Five Questions for Dale Archer
By Chris Isleib
Director of Public Affairs, U.S. World War One Centennial Commission
What is your role with the new National World War I Memorial project?
I serve as the Project Manager for Memorial Development. That means I coordinate the many moving parts of the core Pershing Park Team that oversees the Memorial project as well as the Design Team with support from the Public Affairs and Fundraising Teams. I also manage daily/weekly communication and collaboration of activities for everyone involved, such as WWICC commissioners, staff, volunteers, contractors, and special advisors.
What is the status of the project right now?The WWICC has envisioned the development of the WWI Memorial in three phases through 2019. The first phase from 2015 through 2016 has included the design competition, conceptual design, fundraising for the Memorial, and regulatory agency reviews. We are currently approaching the end of that first phase this fall. The second phase from 2017 through 2018 will include achieving regulatory agency approvals of the final design, contracting a construction management firm to oversee Memorial construction, and then general construction administration including groundbreaking and construction of the Memorial. This second phase commemorates when the U.S. officially entered WWI in 1917. The final phase from 2018 to 2019 will include construction administration with dedication of the Memorial and the transition back to the National Park Service, which owns Pershing Park. I get more excited every day to see this Memorial being developed and constructed during the Centennial. I think that combined focus and process makes it a unique project, which will truly incite a national conversation around WWI.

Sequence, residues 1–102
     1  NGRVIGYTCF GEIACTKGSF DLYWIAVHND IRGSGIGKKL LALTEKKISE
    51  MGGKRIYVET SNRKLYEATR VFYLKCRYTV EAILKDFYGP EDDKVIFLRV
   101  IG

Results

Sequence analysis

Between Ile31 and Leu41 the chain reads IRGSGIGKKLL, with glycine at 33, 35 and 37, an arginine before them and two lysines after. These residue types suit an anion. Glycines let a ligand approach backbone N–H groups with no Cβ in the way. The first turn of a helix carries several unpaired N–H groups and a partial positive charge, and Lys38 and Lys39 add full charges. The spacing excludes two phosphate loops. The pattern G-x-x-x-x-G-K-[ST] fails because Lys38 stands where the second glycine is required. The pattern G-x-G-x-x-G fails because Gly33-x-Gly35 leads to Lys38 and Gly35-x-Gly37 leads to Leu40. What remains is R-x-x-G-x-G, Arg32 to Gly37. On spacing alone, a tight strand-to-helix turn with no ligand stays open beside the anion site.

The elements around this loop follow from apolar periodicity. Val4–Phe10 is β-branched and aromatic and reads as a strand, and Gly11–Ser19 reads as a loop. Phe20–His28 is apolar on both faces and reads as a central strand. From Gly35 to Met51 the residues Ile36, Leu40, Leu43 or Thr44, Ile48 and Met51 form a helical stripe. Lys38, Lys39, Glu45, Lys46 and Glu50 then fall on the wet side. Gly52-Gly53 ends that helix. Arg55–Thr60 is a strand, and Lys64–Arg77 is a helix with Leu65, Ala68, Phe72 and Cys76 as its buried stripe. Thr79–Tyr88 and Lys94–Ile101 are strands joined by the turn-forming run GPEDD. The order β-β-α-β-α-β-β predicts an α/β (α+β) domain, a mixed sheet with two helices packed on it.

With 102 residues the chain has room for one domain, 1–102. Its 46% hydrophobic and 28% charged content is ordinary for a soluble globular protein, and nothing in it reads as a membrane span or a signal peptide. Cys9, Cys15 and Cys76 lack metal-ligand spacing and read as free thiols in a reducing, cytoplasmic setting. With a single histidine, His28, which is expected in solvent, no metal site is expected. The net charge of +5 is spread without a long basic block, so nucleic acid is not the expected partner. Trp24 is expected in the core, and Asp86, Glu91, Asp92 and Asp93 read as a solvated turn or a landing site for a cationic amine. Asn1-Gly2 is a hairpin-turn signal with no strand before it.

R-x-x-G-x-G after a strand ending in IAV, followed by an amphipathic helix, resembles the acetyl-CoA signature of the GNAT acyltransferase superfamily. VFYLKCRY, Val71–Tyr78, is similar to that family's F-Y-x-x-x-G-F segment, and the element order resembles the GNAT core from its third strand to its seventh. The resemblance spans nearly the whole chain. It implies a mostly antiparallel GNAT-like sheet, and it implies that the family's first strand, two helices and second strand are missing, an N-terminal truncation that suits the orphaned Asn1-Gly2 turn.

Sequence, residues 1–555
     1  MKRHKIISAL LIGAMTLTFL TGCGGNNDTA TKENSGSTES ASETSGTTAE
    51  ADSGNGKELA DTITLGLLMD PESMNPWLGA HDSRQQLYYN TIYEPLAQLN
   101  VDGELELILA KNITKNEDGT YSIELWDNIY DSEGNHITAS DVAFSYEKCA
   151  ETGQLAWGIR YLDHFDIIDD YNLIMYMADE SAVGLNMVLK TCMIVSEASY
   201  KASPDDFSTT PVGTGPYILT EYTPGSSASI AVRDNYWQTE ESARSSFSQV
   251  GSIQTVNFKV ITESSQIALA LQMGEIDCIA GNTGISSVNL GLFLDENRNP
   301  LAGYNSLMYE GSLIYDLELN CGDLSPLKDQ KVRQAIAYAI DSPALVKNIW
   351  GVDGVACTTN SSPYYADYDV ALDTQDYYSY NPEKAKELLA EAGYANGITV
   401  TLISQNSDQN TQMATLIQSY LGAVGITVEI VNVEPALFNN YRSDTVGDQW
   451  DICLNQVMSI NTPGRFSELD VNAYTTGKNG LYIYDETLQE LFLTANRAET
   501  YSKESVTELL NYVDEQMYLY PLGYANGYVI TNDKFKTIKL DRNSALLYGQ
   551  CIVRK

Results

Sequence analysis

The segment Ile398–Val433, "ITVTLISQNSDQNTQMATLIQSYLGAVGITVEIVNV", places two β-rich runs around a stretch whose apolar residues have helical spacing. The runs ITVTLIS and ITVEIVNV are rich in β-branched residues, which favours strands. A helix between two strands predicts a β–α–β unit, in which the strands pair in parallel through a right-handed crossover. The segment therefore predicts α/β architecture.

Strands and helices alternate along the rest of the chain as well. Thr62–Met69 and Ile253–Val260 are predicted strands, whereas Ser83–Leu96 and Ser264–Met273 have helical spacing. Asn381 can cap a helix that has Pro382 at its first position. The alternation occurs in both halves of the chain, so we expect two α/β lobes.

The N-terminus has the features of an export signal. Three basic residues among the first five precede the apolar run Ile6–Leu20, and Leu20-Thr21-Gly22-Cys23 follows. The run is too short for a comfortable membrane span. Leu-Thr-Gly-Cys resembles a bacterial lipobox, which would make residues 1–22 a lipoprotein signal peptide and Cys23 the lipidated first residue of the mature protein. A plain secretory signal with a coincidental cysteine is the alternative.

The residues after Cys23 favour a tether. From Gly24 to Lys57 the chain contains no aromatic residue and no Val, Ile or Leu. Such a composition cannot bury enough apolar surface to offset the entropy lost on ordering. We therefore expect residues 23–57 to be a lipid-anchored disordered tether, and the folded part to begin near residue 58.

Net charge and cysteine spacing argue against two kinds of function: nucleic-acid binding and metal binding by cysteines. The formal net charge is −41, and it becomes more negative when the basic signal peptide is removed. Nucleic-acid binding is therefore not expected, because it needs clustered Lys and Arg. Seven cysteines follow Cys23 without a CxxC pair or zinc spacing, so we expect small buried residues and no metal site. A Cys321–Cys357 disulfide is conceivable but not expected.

Have you worked on such a project before?
Yes, the Memorial project is similar to large political campaigns I have managed where you have to build and grow organizations, manage/coordinate staff and volunteers, and balance a wide variety of activities with constant inputs and feedback from stakeholders—all while raising money to support your staff and day-to-day work with lots of people interested and watching you. The comparison of asking for donations to build a plane while you’re flying that plane could apply here.
What is your career background?
My career began in public and legislative affairs and political communication, which evolved into managing large-scale, multi-million dollar international development projects in post-conflict and conflict/failed countries like Kosovo and Somalia. Building and developing organizations, teams, and projects is my passion. I love organization development and to support people collaborating and communicating together effectively toward a common purpose.
Do you have personal connection to World War I?
So far, my father’s family genealogy has been too elusive to confirm WWI connections. I do have some great uncles who served in WWII: one who was on the USS Missouri when Japan surrendered and another who brought home a Nazi uniform medal and compass. I hope to discover any relatives connected to WWI by the time the Centennial ends in 2019!